Pica is the term used to describe consumption of strange non-food items, such as grass and may be associated with a diet deficient in nutrients, vitamins, or minerals. But, if dogs on well-balanced commercial diets are not nutritionally deficient, why do they eat grass?
Dogs eating grass is quite common, it has also been observed in wild dogs and may be completely natural, and this type of pica usually does not cause much problems. However, a lot of people are baffled by this behavior.
One common misconception is that dogs eat grass to relieve stomach upset. Some dogs devour grass only to vomit shortly afterward. Is it better for a dog to eat grass to vomit and soothe an ailing stomach, or does the dog develop a stomach ache and vomit because it ate grass?
Because studies show that less than 25% of dogs vomit after ingesting grass, it is unlikely that they use it for self-medication. Only 10% of dogs exhibit symptoms of illness before eating grass. The bottom line is that most grass-eating dogs are not sick and do not vomit.
Grazing may satisfy another digestive need. Dogs require roughage in their diets, and the grass is an excellent source of fiber. Because a dog’s ability to digest food and pass stool is affected by a lack of roughage, grass may help their bodily functions run more smoothly.
If your turf-eating dog exhibits stomach discomfort symptoms, he could suffer from a medical condition such as gastric reflux, inflammatory bowel disease, or pancreatitis. Consult your veterinarian to rule out any severe medical conditions and to receive the proper treatment.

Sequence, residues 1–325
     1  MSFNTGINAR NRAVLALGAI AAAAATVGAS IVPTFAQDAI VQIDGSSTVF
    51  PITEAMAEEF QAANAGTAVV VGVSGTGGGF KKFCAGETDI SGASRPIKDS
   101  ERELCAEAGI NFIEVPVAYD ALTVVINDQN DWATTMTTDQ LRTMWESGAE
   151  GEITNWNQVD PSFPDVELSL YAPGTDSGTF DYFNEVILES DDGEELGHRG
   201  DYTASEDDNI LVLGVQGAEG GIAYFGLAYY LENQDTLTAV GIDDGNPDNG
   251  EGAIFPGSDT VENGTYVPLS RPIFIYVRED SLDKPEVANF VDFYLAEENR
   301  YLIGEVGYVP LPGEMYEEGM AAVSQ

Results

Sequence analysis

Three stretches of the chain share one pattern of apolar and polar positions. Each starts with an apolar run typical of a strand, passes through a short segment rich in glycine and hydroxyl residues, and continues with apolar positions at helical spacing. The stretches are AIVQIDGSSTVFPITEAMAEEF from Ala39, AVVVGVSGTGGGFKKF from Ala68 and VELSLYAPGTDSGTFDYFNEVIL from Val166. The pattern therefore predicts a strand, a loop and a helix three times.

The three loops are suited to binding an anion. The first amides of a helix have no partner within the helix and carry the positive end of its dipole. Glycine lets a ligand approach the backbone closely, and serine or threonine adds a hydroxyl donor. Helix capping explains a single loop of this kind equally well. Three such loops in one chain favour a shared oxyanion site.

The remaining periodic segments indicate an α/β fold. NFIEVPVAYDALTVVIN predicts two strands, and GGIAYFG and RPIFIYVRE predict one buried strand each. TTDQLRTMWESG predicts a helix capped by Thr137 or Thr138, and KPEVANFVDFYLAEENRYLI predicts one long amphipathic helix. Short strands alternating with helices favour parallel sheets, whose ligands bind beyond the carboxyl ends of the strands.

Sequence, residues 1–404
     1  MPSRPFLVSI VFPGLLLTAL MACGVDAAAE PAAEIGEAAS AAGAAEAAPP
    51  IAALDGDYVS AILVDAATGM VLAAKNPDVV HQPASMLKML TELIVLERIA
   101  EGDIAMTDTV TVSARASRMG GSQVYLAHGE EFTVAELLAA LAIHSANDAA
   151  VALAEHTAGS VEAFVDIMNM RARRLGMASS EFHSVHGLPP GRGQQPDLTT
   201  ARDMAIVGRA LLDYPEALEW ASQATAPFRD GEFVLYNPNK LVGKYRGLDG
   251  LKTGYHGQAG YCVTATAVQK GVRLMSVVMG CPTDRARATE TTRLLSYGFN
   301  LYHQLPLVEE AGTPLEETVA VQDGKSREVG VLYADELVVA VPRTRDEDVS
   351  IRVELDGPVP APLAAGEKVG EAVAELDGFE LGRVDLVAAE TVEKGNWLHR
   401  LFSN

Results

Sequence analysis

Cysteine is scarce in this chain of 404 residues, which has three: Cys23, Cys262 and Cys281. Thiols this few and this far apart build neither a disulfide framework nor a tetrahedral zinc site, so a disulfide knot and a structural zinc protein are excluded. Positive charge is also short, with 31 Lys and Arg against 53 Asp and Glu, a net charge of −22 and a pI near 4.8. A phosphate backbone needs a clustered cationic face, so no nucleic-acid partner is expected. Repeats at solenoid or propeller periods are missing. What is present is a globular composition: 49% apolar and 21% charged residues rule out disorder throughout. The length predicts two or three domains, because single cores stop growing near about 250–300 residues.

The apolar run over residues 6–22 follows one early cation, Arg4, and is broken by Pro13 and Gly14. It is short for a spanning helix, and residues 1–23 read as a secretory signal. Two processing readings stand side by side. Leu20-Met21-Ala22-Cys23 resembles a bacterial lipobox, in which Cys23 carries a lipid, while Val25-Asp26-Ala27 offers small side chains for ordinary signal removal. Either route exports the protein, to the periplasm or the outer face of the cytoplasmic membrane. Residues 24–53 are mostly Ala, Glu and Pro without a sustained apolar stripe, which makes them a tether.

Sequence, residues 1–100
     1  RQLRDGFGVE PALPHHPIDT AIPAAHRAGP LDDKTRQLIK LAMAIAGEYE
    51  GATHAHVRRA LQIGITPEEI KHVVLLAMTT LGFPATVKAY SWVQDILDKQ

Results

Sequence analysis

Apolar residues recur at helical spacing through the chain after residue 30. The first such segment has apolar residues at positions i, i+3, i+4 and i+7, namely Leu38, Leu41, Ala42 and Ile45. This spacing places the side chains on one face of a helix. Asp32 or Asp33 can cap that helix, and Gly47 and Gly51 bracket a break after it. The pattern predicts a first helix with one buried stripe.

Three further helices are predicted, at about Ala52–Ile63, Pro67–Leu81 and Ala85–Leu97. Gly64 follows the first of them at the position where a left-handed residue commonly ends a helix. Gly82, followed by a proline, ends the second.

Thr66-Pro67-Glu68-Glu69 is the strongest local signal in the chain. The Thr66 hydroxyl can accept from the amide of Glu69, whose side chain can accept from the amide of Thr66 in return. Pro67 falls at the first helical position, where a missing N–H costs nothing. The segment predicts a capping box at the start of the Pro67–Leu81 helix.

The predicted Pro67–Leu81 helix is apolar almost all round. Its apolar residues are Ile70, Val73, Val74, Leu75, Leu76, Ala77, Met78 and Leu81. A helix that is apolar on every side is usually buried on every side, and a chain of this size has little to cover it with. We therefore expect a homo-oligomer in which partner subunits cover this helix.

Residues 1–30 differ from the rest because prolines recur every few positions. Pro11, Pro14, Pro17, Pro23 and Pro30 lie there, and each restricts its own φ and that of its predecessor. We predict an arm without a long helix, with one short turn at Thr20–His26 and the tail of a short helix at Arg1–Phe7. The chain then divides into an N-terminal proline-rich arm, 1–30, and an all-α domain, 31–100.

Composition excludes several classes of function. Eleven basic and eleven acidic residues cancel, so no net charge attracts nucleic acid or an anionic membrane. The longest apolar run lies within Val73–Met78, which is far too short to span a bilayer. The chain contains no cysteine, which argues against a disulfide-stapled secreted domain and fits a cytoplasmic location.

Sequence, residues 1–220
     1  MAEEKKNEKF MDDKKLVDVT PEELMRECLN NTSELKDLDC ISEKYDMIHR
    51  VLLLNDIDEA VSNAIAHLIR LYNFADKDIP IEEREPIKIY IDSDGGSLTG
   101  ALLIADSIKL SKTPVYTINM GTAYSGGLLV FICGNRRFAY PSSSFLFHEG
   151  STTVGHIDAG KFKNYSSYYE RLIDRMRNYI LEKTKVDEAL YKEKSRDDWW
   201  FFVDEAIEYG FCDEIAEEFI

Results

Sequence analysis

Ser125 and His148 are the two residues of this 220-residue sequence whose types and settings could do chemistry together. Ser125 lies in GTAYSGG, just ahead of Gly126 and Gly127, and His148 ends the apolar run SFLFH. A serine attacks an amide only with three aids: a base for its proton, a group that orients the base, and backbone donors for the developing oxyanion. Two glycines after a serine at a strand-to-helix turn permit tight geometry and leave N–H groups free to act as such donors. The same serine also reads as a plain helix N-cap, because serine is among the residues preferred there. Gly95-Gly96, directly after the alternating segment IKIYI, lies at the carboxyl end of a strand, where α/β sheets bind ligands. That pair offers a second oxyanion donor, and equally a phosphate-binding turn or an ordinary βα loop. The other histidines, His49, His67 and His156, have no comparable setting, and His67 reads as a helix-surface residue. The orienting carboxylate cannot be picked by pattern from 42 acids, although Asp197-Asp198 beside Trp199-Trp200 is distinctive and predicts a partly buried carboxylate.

A dog’s day revolves around his owners’ activities, with him watching them leave and anticipating their return. Although most dogs enjoy being outside, some become bored when left alone and require stimulation. Nibbling on readily available grass helps pass the time.
Dogs crave human interaction and may try to attract their owners’ attention by engaging in inappropriate behavior, such as eating grass if they feel neglected. Furthermore, anxious dogs, like nervous people, chew their fingernails as a form of comfort. Whether dogs are bored, lonely, or anxious, grass eating often increases as owner contact time decreases.
What can their owners do to help these grazing dogs? A new toy or an old t-shirt with his owner’s familiar scent may provide some relief for anxious dogs. A puzzle toy that contains food and challenges the dog will provide mental stimulation and relieve boredom. More frequent walks and strenuous play time benefit more active dogs. Doggie daycare may be a good option for dogs who crave socialization with other dogs.
The grass is not the best snack for your dog, regardless of why he eats it. While the grass is not harmful to your dog, the herbicides and pesticides sprayed on it can be. Furthermore, when picking grass from the ground, your dog may consume intestinal parasites such as hookworms or roundworms, which contaminate the grass with fecal residue from other dogs. So, how do you put a stop to grazing?
Dogs that respond to food treats can be trained to stop eating grass in exchange for a better alternative. You should bring treats when you walk your dog and accompany him on potty breaks. Distract the dog by directing him to walk in a different direction or by giving him a verbal correction and rewarding him when he complies.
Affection-driven dogs can be trained using the same method described above, simply substituting positive verbal reinforcement and petting as rewards. Dogs who respond to verbal commands may require a simple heel command to break up the grassy snack and redirect their attention.
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